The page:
Tuesday, May 1, 2018
Does the reaction to Netanyahu's Iran speech spell war?
On Monday evening, April 30, 2018, Israel Prime Minister Benjamin Netanyahu gave a prime-time televised speech in Israel about Iran's nuclear ambitions. He repeatedly suggested that Iran is actively pursuing a nuclear weapon, and stated that Iran has not complied with the 2015 nuclear deal it had signed with Western Powers.
Surprising some, Netanyahu spoke at length in English, thereby assuring a wide audience around the world for post-speech news reports. Then he switched to Hebrew to summarize, and to repeat that he believed that US President Trump will "do the right thing" when the time comes (probably on or before May 12, 2018) to decide what the US should do about the 2015 Iran deal signed by then-US President Barack Obama.
The essence of this speech was a presentation. It was quite a presentation. He began with a shocker: Israelis had gone into Iran and had taken more than 100,000 documents from a secret underground Iranian vault (here). The documents exposed the dirty secrets of Iran's nuclear program.
It was a stunning announcement.
Dramatically, Netanyahu pulled a curtain on two displays beside him. The curtains' fall revealed what were probably copies of the original files--or, perhaps, the files themselves. He said these 100,000 documents prove that Iran lied about its weapons-grade nuclear ambitions.
Netanyahu showed a power-point-like display of pictures, illustrations and copies of texts. He described what these said. He showed charts and diagrams. He gave more explanations.
His bottom line: Iran has built its nuclear program on lies and deceptions. The West, we are left to conclude, has been duped. His unstated message: Iran has to be stopped before it threatens us all with nuclear bombs atop intercontinental ballistic missiles.
The West didn't buy any of it. Indeed, it didn't take long at all for negative responses to Netanyahu to appear on news sites. Germany came first, less than 35 minutes after the speech ended: "German diplomat: nothing new in Netanyahu presentation" arutzsheve newsbriefs, April 30, 2017.
Over the next three hours, that was the diplomat sentiment de jour. The US, UK and EU all sniffed, 'nothing new'.
In the US, the State Department in particular issued a statement that "Iran has a robust, clandestine nuclear weapons programs that it has tired and failed to hide from the world" (here). This appeared to support and confirm what Netanyahu had said. But then, the State Department issued a correction: it changed, Iran has a robust..." to Iran had such a program (ibid).
Britain said it had never been naive about Iran's nuclear program "Britain: we were never naive about Iran", arutzsheva newsbrief, May 1, 2018). Echoing what others were saying, Britain added that the Iran deal was the most extensive deal in the history of nuclear deals, and was the only way the world could assure that Iran's nuclear program remained peaceful (ibid).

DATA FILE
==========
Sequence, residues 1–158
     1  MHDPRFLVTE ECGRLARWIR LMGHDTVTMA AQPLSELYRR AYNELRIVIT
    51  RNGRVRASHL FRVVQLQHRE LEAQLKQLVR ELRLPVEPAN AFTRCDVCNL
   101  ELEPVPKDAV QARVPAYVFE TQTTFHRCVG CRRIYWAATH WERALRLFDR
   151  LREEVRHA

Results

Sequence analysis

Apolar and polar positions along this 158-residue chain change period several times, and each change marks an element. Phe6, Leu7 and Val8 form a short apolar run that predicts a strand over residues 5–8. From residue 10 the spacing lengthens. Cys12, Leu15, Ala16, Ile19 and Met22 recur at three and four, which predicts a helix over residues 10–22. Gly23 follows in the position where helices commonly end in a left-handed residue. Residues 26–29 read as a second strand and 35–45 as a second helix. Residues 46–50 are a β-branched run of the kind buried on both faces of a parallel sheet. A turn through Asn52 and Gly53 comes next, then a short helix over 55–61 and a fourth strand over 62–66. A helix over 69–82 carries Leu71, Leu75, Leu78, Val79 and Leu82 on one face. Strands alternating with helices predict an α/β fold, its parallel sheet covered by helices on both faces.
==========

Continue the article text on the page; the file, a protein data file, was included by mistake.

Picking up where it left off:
The inference was, Netanyahu's concerns were irrelevant. The 2015 deal works. The West is getting the compliance it needs. We are safe with this deal. If we tinker with it or cancel it, Iran will race to build a bomb. Then where will we be?
As if to capture the West's dismissal of Netanyahu, Israel's Haaretz described Netanyahu's presentation with a negative metaphor: Netanyahu wasn't showing the world a smoking gun, Haaretz said. He was showing the picture of a smoking gun taken years ago (here).
There was just one problem here. The West--and Haaretz--are whistling in the dark. The original Iran deal has accomplished little-to-nothing substantial for the West. Iran has been proceeding all along with its bomb program (here).
The original deal was supposed to allow Iran to continue enriching uranium for peaceful purpose only. That meant Iran could enrich uranium to no more than 3.67 percent (here).
This number was chosen because that is (approximately) the level of enrichment needed to build a peace-time nuclear program. In his April 30, 2018 presentation, Netanyahu suggested Iran was now enriching uranium to a much higher level--and that level was needed only if one was pursuing a weapons program.
It is more than curious that the West does not accept such revelations. Its steadfast refusal is especially curious because just hours before Netanyahu went on TV on April 30, 2018, Iran's Director of the Iranian Atomic Agency, Ali Akhbar Salehi, announced that the US should understand Iran could now enrich uranium to a far higher level than it could have done back in 2015 (here). Back in 2015, Salehi said, Iran could go to 20 percent. But today, its nuclear weapons program is now sophisticated enough to go much higher than that (ibid).
Iran didn't get to this point sitting on its hands. It's been working hard--in secret, as Netanyahu said. Apparently, Iran feels it's now ready to push ever higher.
Remember, the higher the enrichment, the closer to an atomic bomb Iran gets.
What's happening here is that Iran, by threatening to enrich uranium to a far higher level than the 2015 limit, validates Netanyahu's concerns. Netanyahu has outed Iran's dirty nuclear secret. The West ignores this secret.
Apparently, the West has complete faith in their 2015 deal. It believes the deal will work exactly as the West envisions it working.
Almost 80 years ago, someone else in the West had this same faith. On September 30, 1938, then-British Prime Minister Neville Chamberlain famously declared 'peace in our time' because Germany's Adolph Hitler has signed a piece of paper. Chamberlain's faith in Hitler led to war.
On April 30, 2018, Western nations rejected Israel Prime Minister Benjamin Netanyahu's warning about Iran. The West chooses instead to put its faith in another piece of paper, a 2015 Iran nuclear deal that Netanyahu has said is a sham and a lie.
The West has a poor track record. It rests its faith and its fate with tyrants.
Where do you think the West is headed?